Estimating the number of airports potentially contaminated with perfluoroalkyl and polyfluoroalkyl substances from aqueous film forming foam: A Canadian example
Authors: Milley, SA; Koch, I; Fortin, P; Archer, J; Reynolds, D; Weber, KP
HERO ID: 5083703
Assessing the extent to which emerging contaminants (ECs) such as perfluoroalkyl and polyfluoroalkyl . . .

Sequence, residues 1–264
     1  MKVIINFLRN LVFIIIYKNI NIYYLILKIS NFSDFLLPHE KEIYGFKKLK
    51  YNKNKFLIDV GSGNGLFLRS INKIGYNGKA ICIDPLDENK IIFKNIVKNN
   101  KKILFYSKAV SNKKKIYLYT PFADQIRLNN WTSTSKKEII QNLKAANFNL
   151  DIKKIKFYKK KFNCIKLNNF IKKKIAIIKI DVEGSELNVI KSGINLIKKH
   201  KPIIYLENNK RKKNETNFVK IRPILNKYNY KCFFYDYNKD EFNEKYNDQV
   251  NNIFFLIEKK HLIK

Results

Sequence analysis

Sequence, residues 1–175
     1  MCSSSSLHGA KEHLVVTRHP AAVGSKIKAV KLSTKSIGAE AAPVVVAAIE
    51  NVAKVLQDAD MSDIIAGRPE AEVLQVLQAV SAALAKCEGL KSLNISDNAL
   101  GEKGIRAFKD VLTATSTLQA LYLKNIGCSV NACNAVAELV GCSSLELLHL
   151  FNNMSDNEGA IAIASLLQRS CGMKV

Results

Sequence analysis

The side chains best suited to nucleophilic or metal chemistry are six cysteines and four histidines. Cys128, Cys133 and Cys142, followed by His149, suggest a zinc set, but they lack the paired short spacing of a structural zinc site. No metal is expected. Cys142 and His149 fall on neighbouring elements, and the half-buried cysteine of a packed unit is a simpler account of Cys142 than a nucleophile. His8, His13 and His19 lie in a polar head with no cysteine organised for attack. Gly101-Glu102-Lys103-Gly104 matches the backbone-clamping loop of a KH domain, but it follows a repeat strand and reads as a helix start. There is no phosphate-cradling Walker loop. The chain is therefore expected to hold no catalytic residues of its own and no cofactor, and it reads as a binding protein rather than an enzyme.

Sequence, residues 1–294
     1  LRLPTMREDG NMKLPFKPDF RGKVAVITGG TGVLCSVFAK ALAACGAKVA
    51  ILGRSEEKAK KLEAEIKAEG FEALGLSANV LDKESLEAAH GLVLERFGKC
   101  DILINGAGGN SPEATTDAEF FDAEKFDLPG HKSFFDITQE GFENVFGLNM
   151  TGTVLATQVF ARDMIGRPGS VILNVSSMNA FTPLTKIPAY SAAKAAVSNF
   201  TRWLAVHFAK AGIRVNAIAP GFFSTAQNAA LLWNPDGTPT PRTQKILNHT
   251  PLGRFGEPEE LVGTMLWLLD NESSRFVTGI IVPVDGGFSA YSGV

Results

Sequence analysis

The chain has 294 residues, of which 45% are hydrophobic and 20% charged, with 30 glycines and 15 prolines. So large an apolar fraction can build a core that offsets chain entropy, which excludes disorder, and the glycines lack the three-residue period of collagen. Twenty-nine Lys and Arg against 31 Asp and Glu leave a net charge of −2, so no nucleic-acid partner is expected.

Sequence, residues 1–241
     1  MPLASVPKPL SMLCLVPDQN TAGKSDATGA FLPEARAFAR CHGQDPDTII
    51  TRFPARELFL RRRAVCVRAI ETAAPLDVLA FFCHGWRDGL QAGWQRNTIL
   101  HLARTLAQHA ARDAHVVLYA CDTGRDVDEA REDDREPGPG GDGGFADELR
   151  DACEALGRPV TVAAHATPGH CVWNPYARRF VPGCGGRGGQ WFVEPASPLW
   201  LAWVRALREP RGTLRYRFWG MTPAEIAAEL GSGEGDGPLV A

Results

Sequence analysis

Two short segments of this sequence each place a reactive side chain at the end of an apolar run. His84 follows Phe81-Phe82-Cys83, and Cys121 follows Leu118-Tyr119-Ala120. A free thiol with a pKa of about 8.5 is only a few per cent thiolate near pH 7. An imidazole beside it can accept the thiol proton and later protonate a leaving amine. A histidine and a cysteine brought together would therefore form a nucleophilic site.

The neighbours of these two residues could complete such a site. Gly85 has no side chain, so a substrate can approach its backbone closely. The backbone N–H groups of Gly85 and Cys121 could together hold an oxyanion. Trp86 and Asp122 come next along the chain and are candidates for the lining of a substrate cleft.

Assessing the extent to which emerging contaminants (ECs) such as perfluoroalkyl and polyfluoroalkyl substances (PFAS) have been released into the environment is one of the foundations for developing effective management and remediation strategies for impacted sites. PFAS are known to have caused the contamination of soil, groundwater, and surface water as a result of aqueous film forming foam (AFFF) being accidentally or intentionally released into the environment. To date, the scope of the issue has not been evaluated in Canada. In this study we developed a framework, in the form of a decision tree, to estimate the number of potentially PFAS impacted airport sites in Canada as a result of AFFF releases. The screening process was completed using publicly available resources including airport websites, the Canadian Owners and Pilots Association website, Sky Vector, Transport Safety Board of Canada aviation investigation reports, the Aviation Safety Network website, and Google maps. The methodology presented in this study could be used to identify additional PFAS impacted sites in Canada or other jurisdictions worldwide. 2071 airport/heliport sites in Canada were investigated with indications that 152 (7%) of these sites likely have PFAS contamination as a result of the use of AFFF at firefighter training areas (FFTAs) and/or accidents where fires occurred. In addition, another 268 sites (13%) were identified as possibly impacted with PFASs primarily as a result of the location having the ability to store and dispense petroleum products, and therefore having AFFF systems onsite. Surficial geology was also identified for all sites determined to likely have PFAS contamination. An estimated 42.8% had surficial geology composed of sand, 27% had clay, 19.7% organic-based, with the remaining sites found on cryosols or rock. Methodological validation was also completed. The procedure used in this study successfully predicted occurrences of PFAS contamination at 25 sites where contamination, as a result of AFFF use, was confirmed by Canadian governmental departments. For these 25 sites, the distance from potential release areas to the nearest surface water was calculated. Five of the sites were within 200 meters of surface water, 19 were within one kilometer, and all 25 were within 2.5 kilometers. This suggests that surface water may have been historically impacted by PFAS at as many as 152 to 420 different airport locations in Canada.